However, I can’t see any explicit prohibition on individual departments or other administrative units taking positions and making statements. I know that as recently as 2021 the LSE’s Department of Gender Studies published a somewhat hysterical response to the launch of the Open University’s Gender Critical Research Network (GCRN). It was taken down shortly afterwards, but I believe that the decision to do so was only made by the LSE’s senior management after individuals involved in launching the GCRN threatened legal action because it was defamatory. I don’t recall LSE referencing the Code of Free Speech at the time, although as far as I can tell it was in place then.

  3. Good interview! You covered many of the topics discussed on this site beautifully. Dawkins was an excellent interviewer. He did his homework—so knew your areas of current interest—and asked questions that let you expound at length. It was good to hear you talk about Dick Lewontin at the end. I learned a lot of biostatistics from him, not to mention population genetics.

    Nice shirt, too!

  4. An interesting point on the proportion of Jewish Nobel Prize winners. I too think it’s cultural, and there’s an interesting parallel example from history, albeit showing the effect in the opposite direction. I’ve often wondered what became of all the amazing Greek thinkers, from Pythagoras to Ptolemy, who made such amazing advances in mathematics, astronomy, and practical engineering. After Ptolemy and Galen, that tradition completely dies away, leading to the long European slumber of scientific knowledge that didn’t really end for more than a thousand years.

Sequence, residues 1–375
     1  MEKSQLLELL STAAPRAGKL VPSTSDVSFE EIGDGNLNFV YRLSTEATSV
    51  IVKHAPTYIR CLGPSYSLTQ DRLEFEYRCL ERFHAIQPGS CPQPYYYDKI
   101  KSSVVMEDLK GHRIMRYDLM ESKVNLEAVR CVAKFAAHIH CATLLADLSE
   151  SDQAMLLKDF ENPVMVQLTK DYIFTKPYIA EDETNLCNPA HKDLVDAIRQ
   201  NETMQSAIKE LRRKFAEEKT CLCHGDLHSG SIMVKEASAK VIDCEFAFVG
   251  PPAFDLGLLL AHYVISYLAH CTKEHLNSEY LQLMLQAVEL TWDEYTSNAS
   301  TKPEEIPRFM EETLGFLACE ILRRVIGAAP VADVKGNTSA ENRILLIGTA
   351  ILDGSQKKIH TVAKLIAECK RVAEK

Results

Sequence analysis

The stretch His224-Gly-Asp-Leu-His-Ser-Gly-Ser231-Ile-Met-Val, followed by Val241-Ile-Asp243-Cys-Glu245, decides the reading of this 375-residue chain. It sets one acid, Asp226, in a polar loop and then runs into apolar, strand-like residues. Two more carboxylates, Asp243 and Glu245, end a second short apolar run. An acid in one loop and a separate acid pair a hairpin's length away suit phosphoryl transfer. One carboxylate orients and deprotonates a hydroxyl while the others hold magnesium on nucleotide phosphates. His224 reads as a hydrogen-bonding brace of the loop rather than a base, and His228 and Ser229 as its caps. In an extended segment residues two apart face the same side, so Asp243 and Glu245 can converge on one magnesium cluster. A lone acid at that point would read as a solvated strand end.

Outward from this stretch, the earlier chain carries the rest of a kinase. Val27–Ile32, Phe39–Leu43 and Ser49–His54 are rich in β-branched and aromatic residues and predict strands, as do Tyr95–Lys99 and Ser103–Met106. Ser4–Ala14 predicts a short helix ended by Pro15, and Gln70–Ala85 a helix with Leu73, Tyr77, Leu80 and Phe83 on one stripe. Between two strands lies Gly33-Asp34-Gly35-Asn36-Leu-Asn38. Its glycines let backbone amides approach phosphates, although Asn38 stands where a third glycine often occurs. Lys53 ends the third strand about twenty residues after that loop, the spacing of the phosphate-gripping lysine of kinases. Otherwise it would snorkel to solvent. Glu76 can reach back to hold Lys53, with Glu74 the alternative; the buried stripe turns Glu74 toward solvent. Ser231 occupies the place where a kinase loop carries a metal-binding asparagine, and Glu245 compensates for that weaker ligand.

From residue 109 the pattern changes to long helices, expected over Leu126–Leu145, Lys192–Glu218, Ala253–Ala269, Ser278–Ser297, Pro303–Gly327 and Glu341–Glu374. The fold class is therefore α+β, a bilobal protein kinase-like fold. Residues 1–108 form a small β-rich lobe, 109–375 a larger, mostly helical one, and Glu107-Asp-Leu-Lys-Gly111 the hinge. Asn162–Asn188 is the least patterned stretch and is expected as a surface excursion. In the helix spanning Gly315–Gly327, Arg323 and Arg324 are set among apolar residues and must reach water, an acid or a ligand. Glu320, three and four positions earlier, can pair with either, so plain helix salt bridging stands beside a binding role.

When I worked (as commissioning editor) on the Encyclopedia of Greece and the Hellenic Tradition, the answer suddenly became clear: after the adoption of Christianity by Constantine, the founding of Constantinople as the new capital of the Roman Empire but in a Greek-speaking region, and the founding of Christian monasticism, all of the brilliant minds who, in previous centuries, would have become the successors to Eratosthenes and Hipparchos, became monks instead — monastic institutions by then offering the only forum in which an advanced education was available, having shut down all competing secular institutions — and all their intellectual energy was expended on endlessly fruitless (because impossible to resolve) speculation about the relationship between the members of the trinity and other pointless, and in a real sense meaningless, theological questions. Only when institutions arose a millennium later (the medieval universities) that allowed some space for serious thinking about something other than religion did it become possible for Europe to begin rebuilding its intellectual base.

  5. Thanks for this Jerry, I thoroughly enjoyed it. I especially liked the section at the end where you discussed the genetics of race. The fact that great scientists like Richard Lewontin can allow politics to derail their objectivity is a lesson for us all.